Walsingham, Warhill Athletes Help Beautify Hospice House

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Players from Walsingham's baseball team helped volunteer at Hospice House. (Photo courtesy of Hospice House)
Players from Walsingham’s baseball team helped volunteer at Hospice House. (Photo courtesy of Hospice House)

Players from Walsingham Academy’s baseball team and Warhill High’s boys tennis team took time out of their practice schedules to volunteer at Hospice House in Williamsburg.

While not a coordinated volunteer effort between the two teams, both volunteered at Hospice House within five days of the other.

Walsingham’s baseball team helped lay mulch for more than four hours on the grounds of Hospice House on April 16, while Warhill did the same days later on April 21.

For Walsingham Baseball Coach Ian Heisel, whose team has been helping as Hospice House for two years, finding time to give back to the community is healthy for individual players and the team as a whole.

Warhill's tennis team helped beautify Hospice House. (Photo courtesy of Hospice House)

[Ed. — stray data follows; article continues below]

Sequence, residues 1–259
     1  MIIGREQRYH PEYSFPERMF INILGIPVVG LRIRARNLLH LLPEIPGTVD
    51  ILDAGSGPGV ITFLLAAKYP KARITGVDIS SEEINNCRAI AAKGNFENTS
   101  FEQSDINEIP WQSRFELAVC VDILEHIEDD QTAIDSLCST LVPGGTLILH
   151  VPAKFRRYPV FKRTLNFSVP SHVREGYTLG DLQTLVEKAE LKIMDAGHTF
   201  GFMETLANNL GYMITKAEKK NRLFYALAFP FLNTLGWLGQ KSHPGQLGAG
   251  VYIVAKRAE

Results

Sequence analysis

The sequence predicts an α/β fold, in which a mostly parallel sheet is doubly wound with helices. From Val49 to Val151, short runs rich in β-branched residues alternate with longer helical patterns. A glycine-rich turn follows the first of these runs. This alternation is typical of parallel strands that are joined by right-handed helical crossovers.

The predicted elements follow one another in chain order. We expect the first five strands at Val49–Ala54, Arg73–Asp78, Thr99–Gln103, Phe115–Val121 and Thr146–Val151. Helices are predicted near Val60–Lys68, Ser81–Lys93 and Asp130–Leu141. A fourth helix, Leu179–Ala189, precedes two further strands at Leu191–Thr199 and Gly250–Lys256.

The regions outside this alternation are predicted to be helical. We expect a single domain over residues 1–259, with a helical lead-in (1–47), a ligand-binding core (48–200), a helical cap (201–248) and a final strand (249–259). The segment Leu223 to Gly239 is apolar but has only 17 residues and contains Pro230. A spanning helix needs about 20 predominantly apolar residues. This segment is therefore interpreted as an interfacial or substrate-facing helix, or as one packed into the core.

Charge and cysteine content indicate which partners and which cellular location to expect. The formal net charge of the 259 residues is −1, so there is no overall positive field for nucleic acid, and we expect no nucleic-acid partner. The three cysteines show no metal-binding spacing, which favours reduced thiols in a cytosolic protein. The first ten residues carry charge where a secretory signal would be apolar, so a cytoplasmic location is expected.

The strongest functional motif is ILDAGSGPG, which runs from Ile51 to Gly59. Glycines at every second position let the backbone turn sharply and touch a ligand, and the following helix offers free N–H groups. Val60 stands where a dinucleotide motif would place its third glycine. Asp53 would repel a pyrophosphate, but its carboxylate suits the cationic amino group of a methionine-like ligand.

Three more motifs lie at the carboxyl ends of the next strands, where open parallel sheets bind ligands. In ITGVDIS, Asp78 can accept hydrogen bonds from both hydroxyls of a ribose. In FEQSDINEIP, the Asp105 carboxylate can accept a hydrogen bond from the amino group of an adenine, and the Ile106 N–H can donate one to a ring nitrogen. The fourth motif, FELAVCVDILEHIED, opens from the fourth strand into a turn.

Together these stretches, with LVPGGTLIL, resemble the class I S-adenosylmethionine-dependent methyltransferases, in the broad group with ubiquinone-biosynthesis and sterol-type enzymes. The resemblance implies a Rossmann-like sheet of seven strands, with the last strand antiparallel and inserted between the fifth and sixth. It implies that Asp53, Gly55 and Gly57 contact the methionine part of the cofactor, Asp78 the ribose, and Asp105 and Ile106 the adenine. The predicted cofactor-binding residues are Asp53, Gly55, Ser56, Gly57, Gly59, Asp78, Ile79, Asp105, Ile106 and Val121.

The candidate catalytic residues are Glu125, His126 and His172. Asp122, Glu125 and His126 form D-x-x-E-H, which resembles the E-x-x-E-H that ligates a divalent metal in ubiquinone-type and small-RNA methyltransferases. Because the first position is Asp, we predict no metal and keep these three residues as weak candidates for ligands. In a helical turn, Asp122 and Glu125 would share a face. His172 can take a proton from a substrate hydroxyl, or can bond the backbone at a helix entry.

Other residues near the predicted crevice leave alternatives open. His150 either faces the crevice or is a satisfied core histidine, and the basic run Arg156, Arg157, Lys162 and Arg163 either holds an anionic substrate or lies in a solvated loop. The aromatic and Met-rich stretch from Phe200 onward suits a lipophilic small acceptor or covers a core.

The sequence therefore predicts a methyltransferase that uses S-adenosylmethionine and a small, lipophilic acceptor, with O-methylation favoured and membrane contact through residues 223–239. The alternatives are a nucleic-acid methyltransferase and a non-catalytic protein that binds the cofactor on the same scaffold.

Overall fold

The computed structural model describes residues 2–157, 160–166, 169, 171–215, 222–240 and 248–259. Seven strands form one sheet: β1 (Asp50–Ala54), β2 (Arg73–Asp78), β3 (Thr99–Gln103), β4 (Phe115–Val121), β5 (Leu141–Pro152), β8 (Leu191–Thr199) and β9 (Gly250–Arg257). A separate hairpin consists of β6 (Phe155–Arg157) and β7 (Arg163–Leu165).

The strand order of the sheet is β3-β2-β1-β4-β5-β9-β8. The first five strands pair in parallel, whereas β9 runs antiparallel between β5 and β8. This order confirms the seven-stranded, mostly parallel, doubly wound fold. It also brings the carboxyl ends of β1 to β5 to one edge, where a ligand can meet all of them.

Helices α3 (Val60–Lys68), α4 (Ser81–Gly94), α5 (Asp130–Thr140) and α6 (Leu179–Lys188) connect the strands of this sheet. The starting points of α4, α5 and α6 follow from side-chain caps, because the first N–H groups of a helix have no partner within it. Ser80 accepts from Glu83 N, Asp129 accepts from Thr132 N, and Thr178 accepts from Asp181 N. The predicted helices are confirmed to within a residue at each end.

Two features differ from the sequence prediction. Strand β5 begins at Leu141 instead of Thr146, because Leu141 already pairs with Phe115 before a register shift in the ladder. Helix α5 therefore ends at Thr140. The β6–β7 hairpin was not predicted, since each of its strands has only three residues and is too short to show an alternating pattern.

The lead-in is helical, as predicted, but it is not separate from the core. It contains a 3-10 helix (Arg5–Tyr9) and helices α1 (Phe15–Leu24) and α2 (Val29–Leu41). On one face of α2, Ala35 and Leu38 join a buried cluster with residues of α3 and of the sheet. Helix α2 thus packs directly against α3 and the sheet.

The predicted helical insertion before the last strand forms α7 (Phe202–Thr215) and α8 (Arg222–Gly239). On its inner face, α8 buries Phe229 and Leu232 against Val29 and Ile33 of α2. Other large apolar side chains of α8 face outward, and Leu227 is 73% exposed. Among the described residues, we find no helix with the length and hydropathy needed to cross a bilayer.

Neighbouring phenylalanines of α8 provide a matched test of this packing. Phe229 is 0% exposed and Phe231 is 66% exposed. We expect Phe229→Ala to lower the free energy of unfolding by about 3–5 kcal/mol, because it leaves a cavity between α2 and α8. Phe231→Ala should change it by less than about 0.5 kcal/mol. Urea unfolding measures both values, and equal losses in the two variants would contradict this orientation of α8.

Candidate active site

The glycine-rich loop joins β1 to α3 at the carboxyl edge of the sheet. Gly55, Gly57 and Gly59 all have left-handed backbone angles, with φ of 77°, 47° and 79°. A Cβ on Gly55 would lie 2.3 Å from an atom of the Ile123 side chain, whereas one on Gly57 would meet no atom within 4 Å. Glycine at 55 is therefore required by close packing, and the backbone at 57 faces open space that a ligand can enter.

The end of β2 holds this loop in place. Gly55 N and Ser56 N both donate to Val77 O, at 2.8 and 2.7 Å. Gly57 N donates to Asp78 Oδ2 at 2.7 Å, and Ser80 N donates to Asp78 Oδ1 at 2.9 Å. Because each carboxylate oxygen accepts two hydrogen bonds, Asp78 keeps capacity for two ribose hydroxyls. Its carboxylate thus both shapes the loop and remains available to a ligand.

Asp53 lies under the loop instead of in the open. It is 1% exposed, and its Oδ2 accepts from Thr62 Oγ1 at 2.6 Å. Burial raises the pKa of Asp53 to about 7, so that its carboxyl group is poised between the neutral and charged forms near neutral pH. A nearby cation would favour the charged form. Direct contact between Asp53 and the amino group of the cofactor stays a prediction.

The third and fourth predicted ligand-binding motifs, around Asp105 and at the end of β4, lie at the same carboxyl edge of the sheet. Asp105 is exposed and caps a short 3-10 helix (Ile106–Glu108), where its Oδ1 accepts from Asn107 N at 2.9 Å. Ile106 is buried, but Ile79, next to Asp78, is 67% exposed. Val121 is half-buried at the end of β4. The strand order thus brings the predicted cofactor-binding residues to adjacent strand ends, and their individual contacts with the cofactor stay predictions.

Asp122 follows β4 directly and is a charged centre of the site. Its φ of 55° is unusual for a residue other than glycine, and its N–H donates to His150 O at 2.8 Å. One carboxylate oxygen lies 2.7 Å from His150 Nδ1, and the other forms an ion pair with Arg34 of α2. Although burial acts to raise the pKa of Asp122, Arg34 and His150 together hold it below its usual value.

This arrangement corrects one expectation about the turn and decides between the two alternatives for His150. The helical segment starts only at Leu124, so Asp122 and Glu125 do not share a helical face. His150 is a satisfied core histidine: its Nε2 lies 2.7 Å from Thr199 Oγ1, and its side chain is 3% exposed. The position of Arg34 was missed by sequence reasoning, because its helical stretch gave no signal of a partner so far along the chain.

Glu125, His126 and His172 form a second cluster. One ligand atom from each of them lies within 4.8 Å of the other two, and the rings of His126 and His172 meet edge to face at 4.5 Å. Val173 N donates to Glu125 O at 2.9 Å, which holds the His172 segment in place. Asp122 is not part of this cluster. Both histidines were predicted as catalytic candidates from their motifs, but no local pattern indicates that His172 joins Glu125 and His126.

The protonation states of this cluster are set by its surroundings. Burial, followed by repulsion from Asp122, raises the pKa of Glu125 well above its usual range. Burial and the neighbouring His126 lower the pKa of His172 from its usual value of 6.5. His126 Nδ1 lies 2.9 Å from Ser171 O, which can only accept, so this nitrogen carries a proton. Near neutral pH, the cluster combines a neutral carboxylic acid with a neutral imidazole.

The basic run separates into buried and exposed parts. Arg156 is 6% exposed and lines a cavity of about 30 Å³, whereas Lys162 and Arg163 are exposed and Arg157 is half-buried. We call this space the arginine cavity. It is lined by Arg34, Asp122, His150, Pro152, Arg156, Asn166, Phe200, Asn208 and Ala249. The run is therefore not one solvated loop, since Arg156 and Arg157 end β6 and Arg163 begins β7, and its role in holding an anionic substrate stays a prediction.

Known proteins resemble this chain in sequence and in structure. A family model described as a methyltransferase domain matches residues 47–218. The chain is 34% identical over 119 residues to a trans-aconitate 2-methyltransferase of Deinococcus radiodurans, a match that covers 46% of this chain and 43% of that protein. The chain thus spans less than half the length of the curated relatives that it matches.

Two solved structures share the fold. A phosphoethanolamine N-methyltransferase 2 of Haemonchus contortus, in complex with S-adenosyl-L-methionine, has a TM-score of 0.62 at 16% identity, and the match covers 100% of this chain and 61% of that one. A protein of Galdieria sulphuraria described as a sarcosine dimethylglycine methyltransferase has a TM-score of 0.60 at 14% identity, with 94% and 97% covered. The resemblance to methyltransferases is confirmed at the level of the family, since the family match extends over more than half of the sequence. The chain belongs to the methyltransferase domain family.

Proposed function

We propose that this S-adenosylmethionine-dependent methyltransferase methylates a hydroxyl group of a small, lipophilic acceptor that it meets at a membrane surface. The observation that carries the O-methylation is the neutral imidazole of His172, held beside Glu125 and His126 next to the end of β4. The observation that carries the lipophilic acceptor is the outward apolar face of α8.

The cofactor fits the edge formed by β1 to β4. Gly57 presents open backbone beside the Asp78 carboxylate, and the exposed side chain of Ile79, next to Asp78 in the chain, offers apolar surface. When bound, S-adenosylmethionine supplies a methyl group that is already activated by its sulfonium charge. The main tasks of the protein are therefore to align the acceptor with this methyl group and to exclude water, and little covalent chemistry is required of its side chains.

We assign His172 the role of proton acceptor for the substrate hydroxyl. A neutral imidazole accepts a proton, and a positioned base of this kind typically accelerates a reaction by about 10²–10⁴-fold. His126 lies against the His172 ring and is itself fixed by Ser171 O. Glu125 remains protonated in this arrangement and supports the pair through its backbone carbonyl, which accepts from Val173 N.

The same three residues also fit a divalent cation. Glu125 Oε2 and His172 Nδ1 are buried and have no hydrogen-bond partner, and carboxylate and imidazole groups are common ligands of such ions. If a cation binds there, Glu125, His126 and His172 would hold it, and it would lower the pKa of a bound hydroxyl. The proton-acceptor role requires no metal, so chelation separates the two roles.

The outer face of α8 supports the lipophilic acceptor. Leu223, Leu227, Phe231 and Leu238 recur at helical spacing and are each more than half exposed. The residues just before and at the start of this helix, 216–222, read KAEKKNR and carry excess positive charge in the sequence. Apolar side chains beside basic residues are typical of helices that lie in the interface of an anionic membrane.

Warhill’s tennis team helped beautify Hospice House. (Photo courtesy of Hospice House)

“We always try to do something as a team to give back to the community in some way,” he said. “It’s a fun thing to do and it’s good to help out. There’s always people that need things that are more important than baseball practice or hanging out and playing video games.”

Warhill’s volunteer roots at Hospice House run much deeper, as the Lions have helped tend to the gardens for nine consecutive years.

A master gardener, Warhill Head Coach Bob Hyatt made the decision to volunteer at Hospice House nine years ago as part of Warhill’s initiative to have every sports program give back to the community in some way.

With such a small team, Hyatt thought having eight to 10 players would be the perfect amount to tend to the gardens at Hospice House. The response from Hospice House has been resoundingly positive, Hyatt said.

“They write a beautiful letter every year to the principal regarding how nice it is for us to come out there and help in their garden,” Hyatt said.